Use a changing schedule as leverage when it comes to asking for a raise. This makes a great excuse for you to grab some one-on-one time with your supervisor. You might be surprised by the outcome.

How to ask for a raise with your supervisor

Once you have everything you need, and have been diligent with doing your homework, it’s time to consider asking for a meeting with your supervisor. All part-time jobs are different. If you have performance reviews at your part-time job this will be a little bit easier. Don’t panic, though, because it’s not impossible to get a meeting even if you don’t have performance reviews.

Bring it up during a performance review

If you’re at the type of part-time job that has performance reviews, this is the perfect time to ask for a raise. This is due to the fact that most performance reviews will be about your performance anyway. If things seem to be going well, it’s the perfect time to ask your supervisor for a raise. You don’t want to be blunt about it. Just bring some of those great accomplishments that we went over to the table.

Ask for a one-on-one meeting with your supervisor

Unfortunately, there is no way around this one. We would like to tell you that this is easy, but this can take some serious guts at times. This is even more true if it’s a bit unexpected, so make sure that you catch your supervisor on a good day -this will only help your chances. You’ll want to come off as confident, but don’t insist if it doesn’t seem to be going well.

If you are granted the meeting, make sure that you bring things up in a way that commands a bit of respect. Plus, if you really want to go the extra mile here, make sure that you have some key points to go over as to why you deserve a raise in the first place.

Whether you’ll be asking your supervisor for a raise in a performance review, or just a standard one-on-one meeting, you’ll want to make sure that you sound confident. While confidence may go a long way, you should also make sure that you have some good facts to back you up as well.

Consider going full time

A part-time job may be flexible, but sometimes the compensation part may be less desirable than you like. If you can’t get yourself a raise, and you’ve exhausted all other options, you might want to ask for a full time position. This depends on how much time you have. Many people working part-time are students. Or, they have family needs at home. But if nothing is holding you back, it can be a great way to get the raise you need.

Determine whether or not there is an opening

If you have the time, and there is an opening, it might be time to consider going full time. You’ll be able to grab some great benefits that come with being full time, and some of these benefits may be more than just financial. This is something you need to consider on a personal level. If you plan on staying with a company for a while it might be beneficial to take a look at what full time could look like for you.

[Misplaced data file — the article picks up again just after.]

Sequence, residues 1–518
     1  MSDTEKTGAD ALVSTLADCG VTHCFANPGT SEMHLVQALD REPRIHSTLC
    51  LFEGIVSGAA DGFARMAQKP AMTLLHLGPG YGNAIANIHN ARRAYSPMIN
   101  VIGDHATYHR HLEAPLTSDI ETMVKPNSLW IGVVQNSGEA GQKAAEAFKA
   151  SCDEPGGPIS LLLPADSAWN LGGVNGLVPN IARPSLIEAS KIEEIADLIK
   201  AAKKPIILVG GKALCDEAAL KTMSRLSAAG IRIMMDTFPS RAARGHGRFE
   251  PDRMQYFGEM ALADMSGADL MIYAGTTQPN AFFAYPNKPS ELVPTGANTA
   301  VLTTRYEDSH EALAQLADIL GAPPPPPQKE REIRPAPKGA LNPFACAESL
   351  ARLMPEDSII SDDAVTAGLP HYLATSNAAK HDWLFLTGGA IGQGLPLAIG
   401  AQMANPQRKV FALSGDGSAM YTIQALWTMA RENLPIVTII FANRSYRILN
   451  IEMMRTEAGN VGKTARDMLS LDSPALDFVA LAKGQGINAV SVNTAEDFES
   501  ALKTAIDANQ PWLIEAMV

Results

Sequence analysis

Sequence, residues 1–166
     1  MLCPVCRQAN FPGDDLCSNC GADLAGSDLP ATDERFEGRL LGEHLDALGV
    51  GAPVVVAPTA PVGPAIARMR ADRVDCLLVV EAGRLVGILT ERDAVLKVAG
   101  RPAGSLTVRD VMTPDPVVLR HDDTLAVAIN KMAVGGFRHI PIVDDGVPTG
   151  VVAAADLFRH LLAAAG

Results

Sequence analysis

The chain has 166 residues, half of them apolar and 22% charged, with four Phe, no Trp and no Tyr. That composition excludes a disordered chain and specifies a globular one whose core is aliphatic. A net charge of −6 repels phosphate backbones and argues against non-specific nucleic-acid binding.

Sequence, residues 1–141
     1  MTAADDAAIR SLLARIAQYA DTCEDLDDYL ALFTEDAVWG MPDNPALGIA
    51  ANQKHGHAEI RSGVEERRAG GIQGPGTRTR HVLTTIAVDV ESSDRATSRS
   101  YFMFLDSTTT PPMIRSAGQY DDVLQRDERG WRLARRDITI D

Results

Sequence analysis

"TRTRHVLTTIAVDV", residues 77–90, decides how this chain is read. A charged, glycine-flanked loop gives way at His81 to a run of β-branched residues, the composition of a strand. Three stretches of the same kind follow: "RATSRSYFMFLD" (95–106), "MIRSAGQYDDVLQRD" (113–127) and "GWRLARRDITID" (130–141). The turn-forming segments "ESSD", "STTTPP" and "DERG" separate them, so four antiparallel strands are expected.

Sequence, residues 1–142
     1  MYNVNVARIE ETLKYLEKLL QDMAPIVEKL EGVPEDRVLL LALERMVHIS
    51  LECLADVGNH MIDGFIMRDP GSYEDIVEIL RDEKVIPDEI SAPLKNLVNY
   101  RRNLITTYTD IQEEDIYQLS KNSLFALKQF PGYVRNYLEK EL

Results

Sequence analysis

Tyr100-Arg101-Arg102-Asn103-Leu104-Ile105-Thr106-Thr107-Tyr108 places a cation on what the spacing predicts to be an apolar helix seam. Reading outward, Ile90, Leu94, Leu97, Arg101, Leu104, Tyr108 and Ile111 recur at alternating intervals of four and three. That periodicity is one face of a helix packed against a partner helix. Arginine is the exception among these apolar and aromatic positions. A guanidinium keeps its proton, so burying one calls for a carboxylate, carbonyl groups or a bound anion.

If you plan on just remaining part-time, or if your part-time job is a side job, this might be something that you’ll want to avoid. On the other hand, if you’ll be spending a lot of time with the company, and like the work you do, it might be time to consider a full time position.

Have a backup plan

The final thing we want to talk about is having a backup plan. This is extremely important with a part-time job. You’ll find that there is a lot more opportunity out there. Industries are shifting to prefer part-time employees instead of full-time employees. This is why having a backup plan can be good. It can actually give you the push of confidence you need to ask for a raise in the first place.

Scout out a couple of similar jobs

You don’t want to just quit and be left with nothing right? So make sure that you can find other jobs out there. You should also make sure that you go on a couple of interviews as well. Now, obviously you don’t need to accept right out of the gate. Doing some experimenting can really help you build up some of that confidence.

Show your supervisor what you’ve come up with

Now, for this approach you need to approach this situation quite carefully. This should be done in a one-on-one meeting, and during that meeting you can bring your needs to the table. Go over how other companies do pay more for your services. Mention that you have an offer from of said companies. In this case your supervisor will either have to grant you the raise, or they’ll know that you’re on your way out. This is a bit of a gamble. Just make sure that you have a solid backup plan in place if you do plan on going this route.

You don’t want to do this in a way that has an ultimatum, but if you no that a raise is out of reach, it’s always a good idea to have a backup plan laid out.


Asking for a raise is usually an uncomfortable thing to do. This only gets worse when you work part-time. Now, while you may feel as if it’s hopeless, you’ll never know unless you ask. If you truly feel like you deserve a raise, and have some good accomplishments under your belt, asking for a raise could be a great idea.

We know that we went over a lot of information today. If you ever feel a bit lost or confused, please feel free to refer back to this article as a guide. We know that asking for a raise is hard, but we want to make the process much easier for you.

Hopefully this article on Raise Guide helps to know how to ask for a raise in a part-time job. We hope that we’ve given you the confidence you need to finally get that raise. So now that you know the facts, and a little bit more about how to ask for a raise at your part-time job, when will you ask?

What to do next?

This is just one step in getting paid what you're worth. Master this topic and everything you need to get the raise you deserve. Get our full Ask Guide to know how, when and how much to ask for.

Visitors also search for: how often should salary be increased, how to calculate hourly pay increase percentage, how to calculate a pay raise, how to ask for babysitting money, ask for a raise email, work raise calculator, how to ask for a raise, how to write a letter to ask for a raise

Related Articles